# Circuit analysis of series diode clipper circuit

simulate this circuit – Schematic created using CircuitLab

I'm really unsure how to start with this. The instructions said to find Vin such that Vout will be 0.5Vin. The only given is Vd = 0.7 and Rd = 5 ohms. I tried to do a KVL equation but then I don't know what the current is since Vin is not given.

Additional info: Diode model that is used is the constant voltage drop model with resistance of Rd=5 ohms and forward voltage of 0.7

• Compared to your previous question, you've now clearly left the concept of the "ideal diode", and are now working with a diode that has a more complex mathematical model. But you forget to specify your diode's model – is it maybe the Shockley equation? No matter the model, you've also forgotten to specify the parameters of your diode (something like forward voltage in saturation, or saturation current). Commented Oct 8, 2020 at 13:06
• @MarcusMüller I should have mentioned that Vd = 0.7 meant that its the forward voltage of the diode. Hence, ill be using the constant voltage drop model here.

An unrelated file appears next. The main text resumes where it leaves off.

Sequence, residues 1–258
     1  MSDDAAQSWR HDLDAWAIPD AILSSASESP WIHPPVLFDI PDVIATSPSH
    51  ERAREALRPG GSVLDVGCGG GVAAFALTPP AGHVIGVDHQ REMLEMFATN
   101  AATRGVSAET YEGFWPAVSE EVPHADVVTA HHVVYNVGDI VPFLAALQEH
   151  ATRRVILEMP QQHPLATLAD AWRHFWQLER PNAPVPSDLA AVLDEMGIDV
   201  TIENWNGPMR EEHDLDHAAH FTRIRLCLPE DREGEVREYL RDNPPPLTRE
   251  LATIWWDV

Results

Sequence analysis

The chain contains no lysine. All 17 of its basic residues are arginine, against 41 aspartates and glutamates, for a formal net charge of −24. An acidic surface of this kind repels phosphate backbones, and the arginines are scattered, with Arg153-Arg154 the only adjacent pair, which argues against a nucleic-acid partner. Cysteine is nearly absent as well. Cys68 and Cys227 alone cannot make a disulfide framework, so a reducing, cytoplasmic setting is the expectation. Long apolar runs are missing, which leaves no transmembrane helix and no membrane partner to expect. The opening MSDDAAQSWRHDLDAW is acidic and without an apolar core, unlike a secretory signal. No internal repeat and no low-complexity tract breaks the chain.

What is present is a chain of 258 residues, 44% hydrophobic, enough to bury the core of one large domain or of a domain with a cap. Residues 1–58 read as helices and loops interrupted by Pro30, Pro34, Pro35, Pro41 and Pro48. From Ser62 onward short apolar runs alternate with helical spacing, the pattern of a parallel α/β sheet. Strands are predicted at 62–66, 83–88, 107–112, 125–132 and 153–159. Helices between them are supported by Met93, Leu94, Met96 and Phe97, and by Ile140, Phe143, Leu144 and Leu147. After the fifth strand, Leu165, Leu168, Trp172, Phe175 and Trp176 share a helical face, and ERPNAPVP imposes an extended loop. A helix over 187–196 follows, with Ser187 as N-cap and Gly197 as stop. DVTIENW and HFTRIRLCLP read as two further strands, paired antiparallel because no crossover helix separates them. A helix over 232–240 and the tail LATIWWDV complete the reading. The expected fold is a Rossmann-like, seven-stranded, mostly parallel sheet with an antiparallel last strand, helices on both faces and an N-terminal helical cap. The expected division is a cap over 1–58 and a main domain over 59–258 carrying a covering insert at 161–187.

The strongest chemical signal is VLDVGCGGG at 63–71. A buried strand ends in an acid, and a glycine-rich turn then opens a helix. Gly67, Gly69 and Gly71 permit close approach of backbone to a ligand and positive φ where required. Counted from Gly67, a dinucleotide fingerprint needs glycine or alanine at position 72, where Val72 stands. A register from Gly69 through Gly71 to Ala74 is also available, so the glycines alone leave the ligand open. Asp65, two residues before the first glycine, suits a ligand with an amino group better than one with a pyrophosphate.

– user263783
Commented Oct 8, 2020 at 13:11
• Oh, Ok, that makes it... super easy? Then Vout = 0.7 V by definition, then 2Vout = Vin = 1.4 V by the problem statement? Commented Oct 8, 2020 at 13:14
• Thats what I was thinking as well. But then what im doubting about is the existence of the resistor Rd. Would it not affect Vout?
– user263783
Commented Oct 8, 2020 at 13:16
• that doesn't matter. Your problem statement says Vin = 2 Vout, and Vout=Vd is given. so, solved. (Unless your diode model is more complex, AND Vd is misleadingly named; but again, you're still not stating that model! We can't know what's in your head. Please define what a diode looks like for you, and what Rd is in case of your diode model.) Commented Oct 8, 2020 at 13:34

An explicit model to be used for the diode is missing in the original question, however the diode parameters provided ($$\V_d\$$ and $$\R_d\$$) point towards using a piece-wise linear model for the diode. Therefore, your circuit should be redrawn as follows.
Assuming $$\V_{out} > V_d\$$, the ideal diode has a forward bias and acts as a short-circuit. Voltage equations: $$\frac{V_{out}-V_i}{R_1}+\frac{V_{out}-V_d}{R_d}=0$$ With the additional constraint $$\V_{out} = 0.5V_i\$$: $$\frac{-0.5V_i}{R_1}+\frac{0.5V_i-V_d}{R_d}=0$$ $$0.5\left(\frac{1}{R_d}-\frac{1}{R_1}\right)V_i=\frac{V_d}{R_d}$$ $$V_i=2\frac{V_d}{R_d\left(\frac{1}{R_d}-\frac{1}{R_1}\right)}$$ Checking numerically if the forward bias assumption holds true: $$V_i=\frac{1.4}{5(0.2-0.1)}=\frac{1.4}{0.5}=2.8$$ $$V_{out}=0.5V_i=1.4 > V_d$$